¿Por qué no puedo dormir en camas ajenas? - BeZen Mattress & Health

Why can't I sleep in other people's beds?

It is very common for it to be difficult to fall asleep when you are not at home. The problem comes with summer: vacations, friends' houses, hotels... it is very difficult for our body to adapt quickly and effectively to each new environment.

The question is: what is the reason why you cannot sleep in other people's beds?

Science explains it

After studies carried out in different North American universities, everything indicates that the left hemisphere of our brain maintains a mechanism of wakefulness and alertness to face possible threats when sleeping in an unknown environment. This had already been observed in different animals: whales, dolphins, etc., which shows that it is a completely natural instinct.

While our right hemisphere falls asleep, our other half resists falling asleep completely, disrupting our sleep routine, circadian rhythms, and mood.

These same studies revealed a common pattern in all their subjects: the first night was always the hardest. On the first night, the brain reacts more easily to external stimuli, such as high-pitched sounds. It is because of this phenomenon known as “first night effect” that the study was carried out over several days, to minimize its symptoms. After a couple of days, the body ended up adapting and falling asleep more quickly.

This explains why it is difficult to fall asleep the first night in a new hotel but easy the next day.

It was also observed that those people accustomed to constantly changing their environment (due to travel, etc.) do not have this strong effect, since the brain is a flexible organ that ends up adapting to constant variation.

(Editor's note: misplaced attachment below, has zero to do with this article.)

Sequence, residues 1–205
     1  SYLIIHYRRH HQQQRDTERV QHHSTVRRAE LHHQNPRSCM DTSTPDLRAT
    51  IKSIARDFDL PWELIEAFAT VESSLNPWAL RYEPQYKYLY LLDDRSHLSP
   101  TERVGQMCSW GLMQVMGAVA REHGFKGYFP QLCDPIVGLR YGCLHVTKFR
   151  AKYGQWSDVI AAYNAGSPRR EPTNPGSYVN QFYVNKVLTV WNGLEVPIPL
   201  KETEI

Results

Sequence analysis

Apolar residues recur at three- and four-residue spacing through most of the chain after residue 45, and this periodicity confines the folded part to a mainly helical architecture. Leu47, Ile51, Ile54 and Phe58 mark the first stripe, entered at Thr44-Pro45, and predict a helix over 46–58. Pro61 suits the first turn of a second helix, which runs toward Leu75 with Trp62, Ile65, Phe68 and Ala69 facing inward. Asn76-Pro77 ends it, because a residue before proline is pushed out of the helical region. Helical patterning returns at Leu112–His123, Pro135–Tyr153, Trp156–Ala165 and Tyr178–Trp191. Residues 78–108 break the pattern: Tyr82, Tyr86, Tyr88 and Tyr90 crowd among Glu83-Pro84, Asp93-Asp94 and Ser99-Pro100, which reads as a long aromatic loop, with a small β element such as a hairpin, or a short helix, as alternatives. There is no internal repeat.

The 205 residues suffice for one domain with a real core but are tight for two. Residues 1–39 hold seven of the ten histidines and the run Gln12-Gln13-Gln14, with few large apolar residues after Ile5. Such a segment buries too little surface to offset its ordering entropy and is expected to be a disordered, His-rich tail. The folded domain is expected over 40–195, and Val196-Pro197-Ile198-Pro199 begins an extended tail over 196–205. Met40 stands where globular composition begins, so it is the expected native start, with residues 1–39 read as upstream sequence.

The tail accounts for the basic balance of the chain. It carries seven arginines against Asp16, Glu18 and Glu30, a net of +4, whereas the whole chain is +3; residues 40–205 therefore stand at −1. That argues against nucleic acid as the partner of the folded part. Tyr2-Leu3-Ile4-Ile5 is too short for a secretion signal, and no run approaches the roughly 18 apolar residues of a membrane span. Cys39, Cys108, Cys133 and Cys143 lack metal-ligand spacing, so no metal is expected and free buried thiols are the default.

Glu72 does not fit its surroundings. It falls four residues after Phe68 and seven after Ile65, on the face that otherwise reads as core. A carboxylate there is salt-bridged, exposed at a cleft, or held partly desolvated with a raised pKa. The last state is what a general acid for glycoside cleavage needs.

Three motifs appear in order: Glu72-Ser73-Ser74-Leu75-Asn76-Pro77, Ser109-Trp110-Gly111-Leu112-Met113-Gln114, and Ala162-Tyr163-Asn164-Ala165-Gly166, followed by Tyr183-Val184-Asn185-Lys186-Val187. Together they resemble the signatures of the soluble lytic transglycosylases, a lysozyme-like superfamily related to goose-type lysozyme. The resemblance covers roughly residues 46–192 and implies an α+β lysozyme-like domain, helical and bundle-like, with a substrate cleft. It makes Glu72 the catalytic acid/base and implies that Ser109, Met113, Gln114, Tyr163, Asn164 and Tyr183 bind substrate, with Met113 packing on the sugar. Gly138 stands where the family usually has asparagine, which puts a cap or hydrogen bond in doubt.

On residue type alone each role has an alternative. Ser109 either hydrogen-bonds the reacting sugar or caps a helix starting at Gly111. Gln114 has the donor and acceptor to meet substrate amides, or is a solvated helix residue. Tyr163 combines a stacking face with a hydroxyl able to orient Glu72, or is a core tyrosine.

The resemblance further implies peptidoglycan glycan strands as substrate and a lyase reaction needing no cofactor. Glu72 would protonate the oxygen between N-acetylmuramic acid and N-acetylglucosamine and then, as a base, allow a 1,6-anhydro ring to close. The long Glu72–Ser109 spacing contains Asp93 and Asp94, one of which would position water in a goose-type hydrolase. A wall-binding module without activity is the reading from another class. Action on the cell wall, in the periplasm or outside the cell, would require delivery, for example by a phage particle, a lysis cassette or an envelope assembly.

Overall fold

Now that I know this... how can I fall asleep?

The main advice for resting comfortably in a foreign bed is to make the environment as similar as possible to that of your home: this helps the brain adapt sooner. Try to sleep on the same side of the bed, with the same number of pillows, the same postures and, above all, with your usual rest routines.

Bringing objects that you usually sleep with (your own pillow, cushion, or objects that you usually have on your bedside table) helps calm the brain.

Pay attention to the temperature of your room: in rooms that are too cold it is more difficult to sleep, as is during heat waves.

The aroma of lavender is also very useful for relaxing and regulating your heart rate.

To minimize external stimuli, try sleeping with earplugs (to avoid high-pitched sounds) and with an eye mask. This way sleep will be more restful.

Another simple way to fall asleep is with melatonin supplements. Melatonin is one of the most important sleep hormones, secreted naturally by the body. However, with changes in our routines, its production can be altered. Melatonin in pills or gummies can be a good option to give your body the last push (but you should always consult a doctor about its consumption).


We wish you sweet dreams.

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